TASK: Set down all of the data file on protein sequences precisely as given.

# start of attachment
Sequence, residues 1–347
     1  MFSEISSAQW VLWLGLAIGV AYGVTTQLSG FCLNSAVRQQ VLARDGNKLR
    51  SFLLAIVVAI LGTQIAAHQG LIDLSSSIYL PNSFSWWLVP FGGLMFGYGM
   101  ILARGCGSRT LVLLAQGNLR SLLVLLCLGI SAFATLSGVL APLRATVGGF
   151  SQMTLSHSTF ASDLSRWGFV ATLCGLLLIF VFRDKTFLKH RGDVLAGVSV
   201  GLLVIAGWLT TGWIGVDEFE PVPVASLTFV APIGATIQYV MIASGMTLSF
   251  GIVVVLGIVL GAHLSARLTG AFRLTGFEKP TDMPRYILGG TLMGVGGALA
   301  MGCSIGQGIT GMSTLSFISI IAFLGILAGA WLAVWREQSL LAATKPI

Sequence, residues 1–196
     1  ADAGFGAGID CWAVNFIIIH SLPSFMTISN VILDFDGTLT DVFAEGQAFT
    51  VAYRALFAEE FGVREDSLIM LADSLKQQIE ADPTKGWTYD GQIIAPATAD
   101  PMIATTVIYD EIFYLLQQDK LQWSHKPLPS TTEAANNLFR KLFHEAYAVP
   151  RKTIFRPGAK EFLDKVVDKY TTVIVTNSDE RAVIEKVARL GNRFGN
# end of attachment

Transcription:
Sequence, residues 1–347
     1  MFSEISSAQW VLWLGLAIGV AYGVTTQLSG FCLNSAVRQQ VLARDGNKLR
    51  SFLLAIVVAI LGTQIAAHQG LIDLSSSIYL PNSFSWWLVP FGGLMFGYGM
   101  ILARGCGSRT LVLLAQGNLR SLLVLLCLGI SAFATLSGVL APLRATVGGF
   151  SQMTLSHSTF ASDLSRWGFV ATLCGLLLIF VFRDKTFLKH RGDVLAGVSV
   201  GLLVIAGWLT TGWIGVDEFE PVPVASLTFV APIGATIQYV MIASGMTLSF
   251  GIVVVLGIVL GAHLSARLTG AFRLTGFEKP TDMPRYILGG TLMGVGGALA
   301  MGCSIGQGIT GMSTLSFISI IAFLGILAGA WLAVWREQSL LAATKPI

Sequence, residues 1–196
     1  ADAGFGAGID CWAVNFIIIH SLPSFMTISN VILDFDGTLT DVFAEGQAFT
    51  VAYRALFAEE FGVREDSLIM LADSLKQQIE ADPTKGWTYD GQIIAPATAD
   101  PMIATTVIYD EIFYLLQQDK LQWSHKPLPS TTEAANNLFR KLFHEAYAVP
   151  RKTIFRPGAK EFLDKVVDKY TTVIVTNSDE RAVIEKVARL GNRFGN